U can derive it...When the mosfet is on,the voltage across the input inductor is mod of VmSinwt....Now u can apply the universal V=L*(di/dt) across the inductor...So long as the switch will be on,the current through the inductor will increase...So integrate current (from 0 to D1Ts for the first switching cycle or t to D1Ts+t for any switching cycle) and integrate current from 0 to Ipeak(as input current to buck-boost will be discontinuous).....u will get the expression using simple math

The input current to the buck-boost converter will be triangular(over a switching cycle Ts)in nature,u can find the avg of the input current as u wud find the avg of a triangle...
The expression will be
Iinavg= (D1^2*VmSinwt)/(2*L*Fs)
U can see the Input avg current is proportional to the input avg voltage....i.e. the input of the buck-boost is behaving like a resistor

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Endymion

Junior Member level 3
The topology designated "buck-boost" in the RT7302 datasheet isn't but an non-isolated flyback. It saves some transformer copper but the primary waveforms are essentially the same as with regular isolated flyback. It reduces the "huge voltage stress on the power switch" only in so far that additional overvoltage caused by the leakage inductance can be avoided.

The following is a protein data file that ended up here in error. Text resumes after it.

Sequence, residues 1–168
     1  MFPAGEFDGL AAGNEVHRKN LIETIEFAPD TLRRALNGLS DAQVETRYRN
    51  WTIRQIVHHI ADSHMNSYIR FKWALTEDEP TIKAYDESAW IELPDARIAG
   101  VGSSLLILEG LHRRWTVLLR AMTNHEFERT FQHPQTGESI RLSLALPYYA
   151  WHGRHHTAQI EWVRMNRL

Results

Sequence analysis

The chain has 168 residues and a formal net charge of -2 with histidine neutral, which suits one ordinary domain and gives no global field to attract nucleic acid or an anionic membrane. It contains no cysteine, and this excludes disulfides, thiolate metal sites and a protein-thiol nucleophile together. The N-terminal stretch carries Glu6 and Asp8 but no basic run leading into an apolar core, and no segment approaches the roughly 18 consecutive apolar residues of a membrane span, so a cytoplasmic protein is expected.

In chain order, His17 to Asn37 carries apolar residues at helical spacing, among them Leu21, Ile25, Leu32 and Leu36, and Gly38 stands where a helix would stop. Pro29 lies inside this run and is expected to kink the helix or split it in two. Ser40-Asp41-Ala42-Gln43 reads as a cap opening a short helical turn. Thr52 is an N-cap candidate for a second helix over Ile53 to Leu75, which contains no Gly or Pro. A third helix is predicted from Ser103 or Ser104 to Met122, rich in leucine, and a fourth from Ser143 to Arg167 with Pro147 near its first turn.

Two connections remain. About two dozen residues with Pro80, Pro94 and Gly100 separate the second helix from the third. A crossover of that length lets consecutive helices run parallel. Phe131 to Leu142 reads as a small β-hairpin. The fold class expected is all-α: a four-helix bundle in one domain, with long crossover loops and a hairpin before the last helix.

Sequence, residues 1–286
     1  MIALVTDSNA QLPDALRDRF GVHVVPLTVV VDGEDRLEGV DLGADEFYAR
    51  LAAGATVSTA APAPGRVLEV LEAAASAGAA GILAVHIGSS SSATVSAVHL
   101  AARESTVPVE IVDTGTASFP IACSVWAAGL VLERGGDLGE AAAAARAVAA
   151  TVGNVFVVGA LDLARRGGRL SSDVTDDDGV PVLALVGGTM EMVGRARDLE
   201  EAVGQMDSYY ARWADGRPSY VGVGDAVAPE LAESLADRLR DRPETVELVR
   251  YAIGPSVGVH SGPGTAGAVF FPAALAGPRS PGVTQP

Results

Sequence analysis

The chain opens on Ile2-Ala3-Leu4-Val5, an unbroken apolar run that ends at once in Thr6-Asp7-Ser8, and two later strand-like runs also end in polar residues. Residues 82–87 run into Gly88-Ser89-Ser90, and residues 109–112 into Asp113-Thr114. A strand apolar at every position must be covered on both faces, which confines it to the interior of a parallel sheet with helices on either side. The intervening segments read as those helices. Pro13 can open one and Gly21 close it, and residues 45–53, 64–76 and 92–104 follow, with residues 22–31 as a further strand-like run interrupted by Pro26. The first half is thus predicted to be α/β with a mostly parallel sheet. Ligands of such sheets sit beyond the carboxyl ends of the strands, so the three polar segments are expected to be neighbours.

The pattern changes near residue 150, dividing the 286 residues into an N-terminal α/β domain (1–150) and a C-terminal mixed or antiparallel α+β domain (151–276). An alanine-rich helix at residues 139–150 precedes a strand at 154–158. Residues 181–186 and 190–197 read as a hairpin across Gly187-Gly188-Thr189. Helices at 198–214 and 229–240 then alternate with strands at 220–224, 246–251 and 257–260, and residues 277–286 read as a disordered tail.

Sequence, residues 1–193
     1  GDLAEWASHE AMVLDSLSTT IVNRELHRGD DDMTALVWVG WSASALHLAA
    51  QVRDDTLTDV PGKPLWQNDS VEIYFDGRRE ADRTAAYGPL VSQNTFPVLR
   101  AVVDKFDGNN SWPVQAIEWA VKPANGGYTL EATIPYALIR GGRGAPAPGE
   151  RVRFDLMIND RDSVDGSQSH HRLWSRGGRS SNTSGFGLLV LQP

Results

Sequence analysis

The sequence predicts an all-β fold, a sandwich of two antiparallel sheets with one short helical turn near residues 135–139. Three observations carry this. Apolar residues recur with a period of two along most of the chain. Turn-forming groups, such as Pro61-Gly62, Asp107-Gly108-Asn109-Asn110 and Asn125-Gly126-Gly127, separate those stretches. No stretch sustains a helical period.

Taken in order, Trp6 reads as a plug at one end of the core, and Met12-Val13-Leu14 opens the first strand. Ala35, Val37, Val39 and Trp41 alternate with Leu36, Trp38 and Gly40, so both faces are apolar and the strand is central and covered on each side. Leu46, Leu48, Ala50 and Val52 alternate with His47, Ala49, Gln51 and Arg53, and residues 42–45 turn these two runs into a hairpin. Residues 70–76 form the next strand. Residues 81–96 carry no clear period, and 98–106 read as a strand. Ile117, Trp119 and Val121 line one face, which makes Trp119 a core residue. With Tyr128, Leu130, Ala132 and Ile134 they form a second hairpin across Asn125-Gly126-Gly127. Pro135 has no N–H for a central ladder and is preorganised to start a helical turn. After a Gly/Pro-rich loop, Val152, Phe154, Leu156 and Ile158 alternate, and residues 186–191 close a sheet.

Designing a non-isolated flyback for 30V output however forces a very low primary duty cycle and respective high peak current. Although you can probably chose a lower transistor voltage class, switching losses will be most likely higher.

Would you recommend a different topology? This is for driving LEDs so it's a fairly constant load (30V, 150mA).

FvM

Super Moderator
Staff member
I would use flyback with reasonable transformer windings ratio.

Endymion

Junior Member level 3
Even if isolation isn't necessary? Thanks. This actually makes it easier because there are several designs out there that I can study. I have been reading up on this for almost a week now. Sometimes you just need to see the bigger picture!

Anna Conda

Banned
Also a sepic converter will give you PFC and an OK characteristic to your load with suitable o/p capacitance. Non isolated, can be controlled from a standard chip, can be high freq (140kHz)...